Indiana Historic Shipwrecks
Indiana University Center for Underwater Science has been conducting ongoing archaeological monitoring and photogrammetric surveys of the historic shipwrecks the Muskegon and the J.D. Marshall to produce 3D photogrammetric models to assist with management decisions and provide public outreach support, along with interpretive models for education. This project is funded from the Indiana Department of Natural Resources Lake Michigan Coastal Program and the National Oceanic and Atmospheric Administration.
The state of Indiana has the smallest territorial waters of any Great Lakes state, spanning just 45 miles of Lake Michigan shoreline and containing approximately 225 square miles of bottomland (Beeker et. al 2000, Haskell et al. 2018). Despite the state’s small amount of coastline, the Indiana Department of Natural Resources (DNR) has identified the potential of fifty unique, historic vessels in Indiana territorial waters, with wrecking dates ranging from 1843-1936 (Ellis 1989). Of these fifty potential shipwrecks, only fourteen have been located and are included in the Indiana Marine Cultural Resource Inventory (Ellis 1989).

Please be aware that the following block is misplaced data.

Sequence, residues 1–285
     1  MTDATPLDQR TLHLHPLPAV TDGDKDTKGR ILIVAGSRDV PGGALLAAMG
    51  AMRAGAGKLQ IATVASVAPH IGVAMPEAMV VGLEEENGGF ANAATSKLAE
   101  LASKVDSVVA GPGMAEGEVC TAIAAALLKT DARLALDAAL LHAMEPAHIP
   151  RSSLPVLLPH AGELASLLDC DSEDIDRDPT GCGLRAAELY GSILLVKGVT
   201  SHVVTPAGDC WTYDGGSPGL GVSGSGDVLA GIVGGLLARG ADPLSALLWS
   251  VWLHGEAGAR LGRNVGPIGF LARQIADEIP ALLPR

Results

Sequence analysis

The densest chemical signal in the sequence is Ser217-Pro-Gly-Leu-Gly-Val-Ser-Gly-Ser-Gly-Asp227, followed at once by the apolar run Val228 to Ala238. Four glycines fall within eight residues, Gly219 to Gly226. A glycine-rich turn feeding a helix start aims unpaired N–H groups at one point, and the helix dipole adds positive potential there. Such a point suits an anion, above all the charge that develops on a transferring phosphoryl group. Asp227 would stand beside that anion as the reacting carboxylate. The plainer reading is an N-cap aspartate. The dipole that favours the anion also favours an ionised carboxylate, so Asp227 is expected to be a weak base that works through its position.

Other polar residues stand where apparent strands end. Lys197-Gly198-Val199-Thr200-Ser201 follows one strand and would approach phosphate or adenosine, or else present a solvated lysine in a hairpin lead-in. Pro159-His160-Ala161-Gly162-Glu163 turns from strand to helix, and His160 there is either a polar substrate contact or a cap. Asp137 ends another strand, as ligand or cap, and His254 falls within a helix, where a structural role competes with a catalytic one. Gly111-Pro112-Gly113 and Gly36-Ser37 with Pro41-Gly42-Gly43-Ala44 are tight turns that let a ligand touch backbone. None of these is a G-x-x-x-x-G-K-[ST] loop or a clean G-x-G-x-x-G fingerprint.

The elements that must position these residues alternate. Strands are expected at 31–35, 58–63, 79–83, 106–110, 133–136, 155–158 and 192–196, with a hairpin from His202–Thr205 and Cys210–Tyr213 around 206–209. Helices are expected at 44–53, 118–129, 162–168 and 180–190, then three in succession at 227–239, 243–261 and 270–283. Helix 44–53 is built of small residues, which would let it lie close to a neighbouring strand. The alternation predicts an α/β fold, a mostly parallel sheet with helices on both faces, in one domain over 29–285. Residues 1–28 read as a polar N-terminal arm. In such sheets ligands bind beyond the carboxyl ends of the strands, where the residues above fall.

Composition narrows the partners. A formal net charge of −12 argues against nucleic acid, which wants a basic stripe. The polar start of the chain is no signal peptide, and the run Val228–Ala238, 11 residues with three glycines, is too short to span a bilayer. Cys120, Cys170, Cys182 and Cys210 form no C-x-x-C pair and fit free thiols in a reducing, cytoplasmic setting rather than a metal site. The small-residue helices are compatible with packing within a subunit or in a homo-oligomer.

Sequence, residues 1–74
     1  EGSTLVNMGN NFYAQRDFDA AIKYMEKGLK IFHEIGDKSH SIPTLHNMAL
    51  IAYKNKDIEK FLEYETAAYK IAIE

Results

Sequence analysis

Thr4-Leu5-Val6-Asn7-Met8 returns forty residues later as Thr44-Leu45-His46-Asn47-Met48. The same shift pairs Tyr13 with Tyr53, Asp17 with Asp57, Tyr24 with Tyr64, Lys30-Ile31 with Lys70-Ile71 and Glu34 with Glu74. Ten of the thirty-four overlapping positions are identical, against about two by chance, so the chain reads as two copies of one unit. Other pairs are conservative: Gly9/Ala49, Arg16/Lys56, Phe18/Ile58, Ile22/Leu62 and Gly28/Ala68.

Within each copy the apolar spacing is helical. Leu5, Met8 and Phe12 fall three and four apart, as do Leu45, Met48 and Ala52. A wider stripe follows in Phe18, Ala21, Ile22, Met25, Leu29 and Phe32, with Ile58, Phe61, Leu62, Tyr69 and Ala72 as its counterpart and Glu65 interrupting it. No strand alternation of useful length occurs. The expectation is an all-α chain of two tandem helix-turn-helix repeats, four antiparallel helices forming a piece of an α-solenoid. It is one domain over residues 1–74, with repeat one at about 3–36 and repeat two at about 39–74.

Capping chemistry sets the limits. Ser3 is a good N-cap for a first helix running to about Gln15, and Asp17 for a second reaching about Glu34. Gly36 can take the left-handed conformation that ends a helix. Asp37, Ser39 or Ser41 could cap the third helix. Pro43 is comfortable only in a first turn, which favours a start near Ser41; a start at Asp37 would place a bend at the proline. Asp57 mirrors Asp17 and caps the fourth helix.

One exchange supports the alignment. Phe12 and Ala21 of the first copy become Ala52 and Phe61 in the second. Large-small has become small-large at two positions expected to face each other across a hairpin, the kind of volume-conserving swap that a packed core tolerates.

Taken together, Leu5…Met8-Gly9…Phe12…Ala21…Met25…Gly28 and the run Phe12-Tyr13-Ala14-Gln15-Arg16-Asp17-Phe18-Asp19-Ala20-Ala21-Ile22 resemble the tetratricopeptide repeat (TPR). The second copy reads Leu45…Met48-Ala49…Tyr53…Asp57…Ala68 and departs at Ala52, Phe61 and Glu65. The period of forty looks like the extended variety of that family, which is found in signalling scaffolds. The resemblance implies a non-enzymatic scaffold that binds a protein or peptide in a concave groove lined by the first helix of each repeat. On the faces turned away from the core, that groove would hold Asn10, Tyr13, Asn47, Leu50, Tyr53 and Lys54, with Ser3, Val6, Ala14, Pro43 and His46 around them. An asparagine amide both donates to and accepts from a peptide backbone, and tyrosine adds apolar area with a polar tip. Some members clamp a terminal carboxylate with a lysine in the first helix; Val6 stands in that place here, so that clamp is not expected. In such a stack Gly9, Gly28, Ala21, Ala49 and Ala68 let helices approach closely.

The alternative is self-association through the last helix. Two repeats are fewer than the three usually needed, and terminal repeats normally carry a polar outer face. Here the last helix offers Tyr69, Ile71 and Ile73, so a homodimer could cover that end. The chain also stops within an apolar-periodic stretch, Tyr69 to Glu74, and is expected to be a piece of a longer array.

Historic shipwrecks in Indiana territorial waters are valuable examples of Indiana’s diverse and unique maritime history. These vessels offer a cross section of Indiana and Great Lakes cultural heritage and commerce, giving historians and archaeologists an intimate look into the historic use of our state’s coastal waters. Archaeological investigations of these shipwrecks can answer important questions concerning maritime technology and its influence on the historical landscape of the Great Lakes (Rogers 2016). Public awareness of submerged cultural resources creates a tie between local communities and a shared maritime heritage of the region, fostering a sense of stewardship for the protection of cultural heritage.